HCI is nearly a fit-and-forget scenario. The complexity is hidden from users, and there is no need for external storage systems that consume power or on-site infrastructure. HCI shrinks it down to a smaller footprint that only has one pane of glass when it comes to management. Support also comes from only one vendor. This means that less maintenance is usually required, so using HCI reduces costs on that front, as well.

In addition, HCI offers better performance, with resiliency built in from the outset. Resiliency means that admins can carry on working even after a failure. Some businesses only have one server, which translates to lower costs, licensing and complexity. But in the event of a serious hardware failure -- the motherboard, for example -- having only a single host can be a bad thing because there is no resiliency. With a properly configured HCI server, a single-node failure would still allow the remaining nodes to work while the other is remediated.

The ROBO site needs at least three nodes for HCI to work because one node must act as a witness and decide which node is the master node. Vendors have listened and now it's quite common to be able to place the witness node in the cloud.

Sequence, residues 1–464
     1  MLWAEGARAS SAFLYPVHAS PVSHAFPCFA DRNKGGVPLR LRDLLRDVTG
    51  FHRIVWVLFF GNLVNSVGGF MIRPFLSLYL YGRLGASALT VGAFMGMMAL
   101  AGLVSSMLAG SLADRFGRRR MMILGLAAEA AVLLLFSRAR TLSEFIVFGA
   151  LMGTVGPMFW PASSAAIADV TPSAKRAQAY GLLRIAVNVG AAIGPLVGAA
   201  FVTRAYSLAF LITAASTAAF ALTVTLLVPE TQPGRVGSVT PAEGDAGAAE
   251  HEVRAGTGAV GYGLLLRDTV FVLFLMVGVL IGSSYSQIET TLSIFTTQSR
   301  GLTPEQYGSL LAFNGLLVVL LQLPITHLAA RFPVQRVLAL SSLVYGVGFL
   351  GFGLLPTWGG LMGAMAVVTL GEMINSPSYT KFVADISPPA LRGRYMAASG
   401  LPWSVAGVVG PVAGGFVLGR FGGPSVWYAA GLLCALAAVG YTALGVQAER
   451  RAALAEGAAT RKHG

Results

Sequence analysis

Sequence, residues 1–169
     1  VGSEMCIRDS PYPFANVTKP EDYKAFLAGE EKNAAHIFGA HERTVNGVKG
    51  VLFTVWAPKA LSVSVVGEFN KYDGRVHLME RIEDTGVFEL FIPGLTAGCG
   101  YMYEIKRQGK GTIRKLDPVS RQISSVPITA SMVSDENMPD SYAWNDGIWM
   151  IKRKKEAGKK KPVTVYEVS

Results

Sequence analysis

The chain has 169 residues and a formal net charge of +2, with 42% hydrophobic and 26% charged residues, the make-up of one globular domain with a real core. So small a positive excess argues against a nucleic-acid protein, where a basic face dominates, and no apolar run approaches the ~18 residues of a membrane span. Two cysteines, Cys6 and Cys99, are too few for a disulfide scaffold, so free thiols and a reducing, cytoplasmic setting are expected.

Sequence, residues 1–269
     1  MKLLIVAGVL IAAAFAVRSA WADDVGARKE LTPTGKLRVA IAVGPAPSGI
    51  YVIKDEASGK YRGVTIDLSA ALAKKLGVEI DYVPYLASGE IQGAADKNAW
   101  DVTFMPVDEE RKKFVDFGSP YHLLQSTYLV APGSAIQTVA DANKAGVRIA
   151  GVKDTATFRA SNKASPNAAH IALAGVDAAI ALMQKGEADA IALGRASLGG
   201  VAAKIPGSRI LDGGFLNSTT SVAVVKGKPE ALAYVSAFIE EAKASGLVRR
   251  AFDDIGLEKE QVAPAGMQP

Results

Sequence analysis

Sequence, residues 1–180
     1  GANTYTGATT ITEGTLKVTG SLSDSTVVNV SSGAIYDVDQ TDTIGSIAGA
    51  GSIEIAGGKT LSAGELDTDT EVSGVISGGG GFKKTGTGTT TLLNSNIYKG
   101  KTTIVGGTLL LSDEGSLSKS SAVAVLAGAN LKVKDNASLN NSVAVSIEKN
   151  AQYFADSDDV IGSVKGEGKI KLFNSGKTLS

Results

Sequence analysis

Putting a witness node in the cloud reduces the cost significantly; otherwise, it would be several thousand dollars for a third hardware node that admins probably wouldn't use much because the two other nodes would service requests. It ultimately depends on utilization but, most likely, it would be cheaper for a cloud-based witness disk than for a whole new hardware node.

Improved backups ease management

The way backup works also contributes to remote office/branch office technology trends. It used to be that a secretary was responsible for changing tapes and, at some point, a failure would occur.

Such failures are no longer acceptable, especially with the modern risk profile including hackers looking for data and malware authors. A single executable could render the entire office cryptolockered, with a backup being the only way forward.

Fortunately, hypervisors have eliminated the need for a secretary thanks to virtual backup and disaster recovery devices. Such virtual backup systems are centrally administered by technical staff, and there is no danger of tape loss. Overnight, these devices replicate data to the cloud or to a centralized backup infrastructure, keeping track of changes -- the Deltas -- so admins can upload the data quickly without large amounts of infrastructure to support it.

Once data is safe at the remote site, admins can conduct restores with minimal effort. Removing the human from the manual side means companies can do restores on demand, not just when the person who knows how to load a tape is present.